Setting the Record Straight About MichFest

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Photo by Katie Yieland

The Michigan Womyn’s Music Festival operated an intentional community for women in the woods starting in 1976. During that time, the festival became legendary in the lesbian community. But now, wherever you read about it online, even from sources supportive of women-only space and of founder Lisa Vogel, you are likely to encounter at best unmalicious but ultimately harmful inaccuracies, and at worse distortions, lies, and probably libelous nonsense.

We sat down with MichFest founder Lisa Vogel to set the record straight in her own words about the Intention, womyn-born-womyn space, and why MichFest ended after 40 years.

AfterEllen: What was the intention of Michefest and how did it develop?

Lisa Vogel: Well how it actually started, and this isn’t really discussed a lot, when we began the festival in 1976, there really wasn’t much of a presence of the trans community, but there was, for the first time, an interracial community of dykes living together at Michigan. It was womyn-only and we, as producers and organizers (and I say that lightly because we were so new at everything), would have womyn come up to us and say, ‘There’s a man on the land,’ and we’d go over and it would be a bearded womon. Or we’d walk over to check it out and really often it would be a butch black womon. And white womyn were not used to being around a diversity of black womyn. So much so that when I was approached, my first question would be, ‘what is the person’s skin color?’  and then if they said black, I wouldn’t even bother taking it any further, I’d just say, ‘sister you know, I think you need to check yourself.’

Our intention of never questioning anyone’s gender on the Land stemmed from that, and that was in the 70s, before anyone was really discussing gender [identity]. it was really clear that here we were; we had this womyn-only space and womyn were getting confused — if they didn’t know butch womyn or bearded womyn or black womyn, then they were IDing sisters as men. And so really our original focus on this started out as: we don’t want here to be any place where a woman is questioned. Cuz we’re questioned about our womonhood all the time. I mean I’m a butch womon; I’ve been questioned. So that was the foundation of it.

And then as we rolled into the 80s, and the very beginning of the appearance of more trans folks in the community, then people would start to come up and say there’s a trans person on the land and we’d go, ‘look, we don’t question anybody about who they are. We would rather have everybody here than have a single womon be questioned.’

In the late 70s early 80s, we came up with the term womyn-born-womyn. Our first kind of tag as a festival was, “A Gathering For Mothers and Daughters,” and that evolved into “A Gathering of Mothers and Daugthers, for  Womyn-Born-Womyn”. Since Michigan was around for a long time, you know the politics of everything shifted over those 40 years. We later clarified that: “womyn-born-womyn.” This is for womyn who were born and survived girlhood and still identified as womyn. And we always added that we leave the onus on each individual to respond to that as they will.

And as is well known, once in 1991 there was a trans woman who was asked to leave the land.  I wasn’t directly involved with that moment, but I take responsibility. I know the circumstances of it, and that was the only time a trans person was questioned or asked to leave by the Festival.

We read the accounts of it and in anyone’s memory from the festival, it’s not really how it happened, you know, we actually put her up in a hotel, the same hotel that we put the artists up in.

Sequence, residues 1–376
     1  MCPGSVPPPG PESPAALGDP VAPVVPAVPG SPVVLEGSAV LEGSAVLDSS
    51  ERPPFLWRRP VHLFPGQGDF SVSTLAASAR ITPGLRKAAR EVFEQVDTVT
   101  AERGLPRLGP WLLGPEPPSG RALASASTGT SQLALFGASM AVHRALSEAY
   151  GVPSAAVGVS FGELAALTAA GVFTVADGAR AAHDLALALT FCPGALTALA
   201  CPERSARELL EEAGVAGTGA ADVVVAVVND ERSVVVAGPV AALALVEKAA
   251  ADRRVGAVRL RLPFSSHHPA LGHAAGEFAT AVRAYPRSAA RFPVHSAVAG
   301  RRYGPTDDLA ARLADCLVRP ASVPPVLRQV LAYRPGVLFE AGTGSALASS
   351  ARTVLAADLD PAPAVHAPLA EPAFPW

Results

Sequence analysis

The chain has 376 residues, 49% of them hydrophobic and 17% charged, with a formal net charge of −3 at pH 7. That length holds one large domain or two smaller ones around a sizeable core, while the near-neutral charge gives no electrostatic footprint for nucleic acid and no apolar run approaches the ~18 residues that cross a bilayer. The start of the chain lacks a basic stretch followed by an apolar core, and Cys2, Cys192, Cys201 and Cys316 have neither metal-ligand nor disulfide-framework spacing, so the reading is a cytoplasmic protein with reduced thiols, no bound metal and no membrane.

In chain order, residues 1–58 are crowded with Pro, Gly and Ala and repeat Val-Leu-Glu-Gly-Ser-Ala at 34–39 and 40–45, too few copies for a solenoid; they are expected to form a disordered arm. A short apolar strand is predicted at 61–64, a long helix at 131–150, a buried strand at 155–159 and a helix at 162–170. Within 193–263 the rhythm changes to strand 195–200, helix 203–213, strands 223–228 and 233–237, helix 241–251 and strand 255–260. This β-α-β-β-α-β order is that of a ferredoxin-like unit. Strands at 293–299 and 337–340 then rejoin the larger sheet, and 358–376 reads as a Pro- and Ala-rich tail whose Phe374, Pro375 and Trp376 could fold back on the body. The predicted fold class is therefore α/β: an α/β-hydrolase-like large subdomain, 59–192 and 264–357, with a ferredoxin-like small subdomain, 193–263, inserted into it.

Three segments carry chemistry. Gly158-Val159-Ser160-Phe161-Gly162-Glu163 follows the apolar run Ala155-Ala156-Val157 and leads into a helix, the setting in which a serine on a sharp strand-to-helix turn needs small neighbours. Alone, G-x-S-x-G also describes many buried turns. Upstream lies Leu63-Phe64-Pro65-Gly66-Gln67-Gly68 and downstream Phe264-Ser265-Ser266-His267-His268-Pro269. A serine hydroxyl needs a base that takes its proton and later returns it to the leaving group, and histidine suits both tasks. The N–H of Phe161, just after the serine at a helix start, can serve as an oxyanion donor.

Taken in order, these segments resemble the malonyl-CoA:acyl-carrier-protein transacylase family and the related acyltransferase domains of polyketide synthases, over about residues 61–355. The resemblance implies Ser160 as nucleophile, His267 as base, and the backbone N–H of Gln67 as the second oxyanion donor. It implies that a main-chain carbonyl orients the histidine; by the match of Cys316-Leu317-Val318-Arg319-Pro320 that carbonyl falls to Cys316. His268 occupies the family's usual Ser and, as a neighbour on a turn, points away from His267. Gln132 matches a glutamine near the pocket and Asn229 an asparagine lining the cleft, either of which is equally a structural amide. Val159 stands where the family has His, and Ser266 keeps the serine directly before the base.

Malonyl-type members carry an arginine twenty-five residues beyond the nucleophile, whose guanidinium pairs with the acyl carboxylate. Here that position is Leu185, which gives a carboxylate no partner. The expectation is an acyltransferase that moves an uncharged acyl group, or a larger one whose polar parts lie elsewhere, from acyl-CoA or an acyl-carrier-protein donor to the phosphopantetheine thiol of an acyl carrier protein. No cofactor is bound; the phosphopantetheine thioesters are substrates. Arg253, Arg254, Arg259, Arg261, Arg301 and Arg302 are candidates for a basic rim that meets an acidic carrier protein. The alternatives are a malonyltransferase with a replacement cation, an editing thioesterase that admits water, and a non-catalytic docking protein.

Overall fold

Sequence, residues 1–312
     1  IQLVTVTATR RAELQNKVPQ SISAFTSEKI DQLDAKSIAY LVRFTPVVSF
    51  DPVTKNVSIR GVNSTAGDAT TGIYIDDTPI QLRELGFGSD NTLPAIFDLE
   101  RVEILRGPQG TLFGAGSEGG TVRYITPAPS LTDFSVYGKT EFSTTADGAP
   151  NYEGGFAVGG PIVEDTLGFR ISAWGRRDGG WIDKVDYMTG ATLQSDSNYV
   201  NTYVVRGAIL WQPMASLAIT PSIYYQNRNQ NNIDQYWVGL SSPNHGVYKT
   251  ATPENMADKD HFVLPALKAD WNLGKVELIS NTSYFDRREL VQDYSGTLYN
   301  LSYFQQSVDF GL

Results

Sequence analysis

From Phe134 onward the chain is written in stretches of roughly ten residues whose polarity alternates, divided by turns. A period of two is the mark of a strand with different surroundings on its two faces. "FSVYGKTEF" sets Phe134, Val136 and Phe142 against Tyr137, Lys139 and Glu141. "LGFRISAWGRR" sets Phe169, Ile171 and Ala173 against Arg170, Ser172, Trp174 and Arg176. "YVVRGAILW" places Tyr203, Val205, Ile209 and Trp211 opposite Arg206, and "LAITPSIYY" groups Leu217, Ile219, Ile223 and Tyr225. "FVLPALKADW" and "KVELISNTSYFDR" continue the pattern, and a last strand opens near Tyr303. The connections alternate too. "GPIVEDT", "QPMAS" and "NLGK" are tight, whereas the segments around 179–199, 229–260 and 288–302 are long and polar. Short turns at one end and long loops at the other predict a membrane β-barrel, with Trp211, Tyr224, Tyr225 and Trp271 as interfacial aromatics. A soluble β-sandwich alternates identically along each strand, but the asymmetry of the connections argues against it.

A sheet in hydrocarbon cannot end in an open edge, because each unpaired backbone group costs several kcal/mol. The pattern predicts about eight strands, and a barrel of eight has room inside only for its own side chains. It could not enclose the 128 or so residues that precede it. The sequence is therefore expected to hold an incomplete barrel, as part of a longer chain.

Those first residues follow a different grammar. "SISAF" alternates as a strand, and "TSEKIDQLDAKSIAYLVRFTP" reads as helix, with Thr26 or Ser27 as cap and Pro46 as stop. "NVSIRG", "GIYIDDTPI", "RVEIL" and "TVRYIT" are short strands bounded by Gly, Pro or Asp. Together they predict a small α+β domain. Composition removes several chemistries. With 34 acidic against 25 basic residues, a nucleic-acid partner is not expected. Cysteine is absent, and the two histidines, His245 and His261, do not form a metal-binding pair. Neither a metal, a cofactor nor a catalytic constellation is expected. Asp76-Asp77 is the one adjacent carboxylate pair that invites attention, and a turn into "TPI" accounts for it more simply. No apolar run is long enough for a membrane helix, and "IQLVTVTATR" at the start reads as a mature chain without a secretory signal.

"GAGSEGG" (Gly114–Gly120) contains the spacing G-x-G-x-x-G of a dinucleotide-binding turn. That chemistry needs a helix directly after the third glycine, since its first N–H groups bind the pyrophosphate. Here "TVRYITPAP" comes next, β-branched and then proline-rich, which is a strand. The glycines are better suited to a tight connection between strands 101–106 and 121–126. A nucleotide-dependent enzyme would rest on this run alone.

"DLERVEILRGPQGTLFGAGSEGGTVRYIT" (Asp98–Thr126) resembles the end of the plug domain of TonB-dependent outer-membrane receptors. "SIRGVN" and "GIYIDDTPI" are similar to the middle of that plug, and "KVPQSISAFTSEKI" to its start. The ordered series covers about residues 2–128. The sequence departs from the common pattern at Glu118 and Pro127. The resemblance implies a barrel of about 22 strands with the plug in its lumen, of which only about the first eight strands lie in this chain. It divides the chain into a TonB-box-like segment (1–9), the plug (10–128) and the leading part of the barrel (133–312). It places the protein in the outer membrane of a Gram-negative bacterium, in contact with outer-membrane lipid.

It was told in a very intense way that didn’t match what happened. I know the womon who was doing security, who handled it and she, at the time, didn’t even agree about having it be womyn-born-womyn space, but some womyn at the gate were bugging out about this womon’s presence, this trans womon’s presence. And one thing led to another. From that point on, that moment in 1991, Michigan was an organizing tool for the trans community. No one was interested to listen to what we were really about.

From that point on, that moment in 1991, Michigan was an organizing tool for the trans community. No one was interested to listen to what we were really about.

The first year that Camp Trans happened, Camp Trans was across the road. I got a call from the box office and they said, ‘Hey — a bunch of people from Camp Trans are coming over, what should we do?’ And I said just check in with them and say ‘We want you to understand the intention for this festival is for womyn-born-womyn and the onus is on to you to decide what to do with that.’ And they said, ‘And then what should we do?’ and I said, ‘then if they want to buy a ticket, you sell them a ticket.’

And then everybody from Camp Trans came in. My partner of 20 years was in that group that came across the road, so I know first hand from her, too. Now, that part of the story never is told. No one says, ‘They didn’t stop us from coming in.’ No one bothers to mention that.

Photo of Lisa Vogel by Brynna Fish

I assume you’ve read some of the festival statements. We’ve gone to great pains to say what our position is. And our position is: we do not question anyone’s gender. We are well aware that trans women and trans men attend the event, and they attend as supporters, not detractors of the female-centered space. But the people who have most deeply criticized us, have no idea what the festival is really about. They have no idea about the radical feminist space we created together. The intention that was meaningful to us did not translate into a policy of policing people.

Our position is: we do not question anyone’s gender. We are well aware that trans women and trans men attend the event, and they attend as supporters, not detractors of the female-centered space. But the people who have most deeply criticized us, have no idea what the festival is really about. They have no idea about the radical feminist space we created together.

Michigan became a tool that trans activists and gay activists could wield against a larger homophobic mainstream culture. They could say, ‘This is an example of intolerance even in our own community.’ Gay men don’t come from a radical lesbian analysis so they don’t understand why we believe what we believe.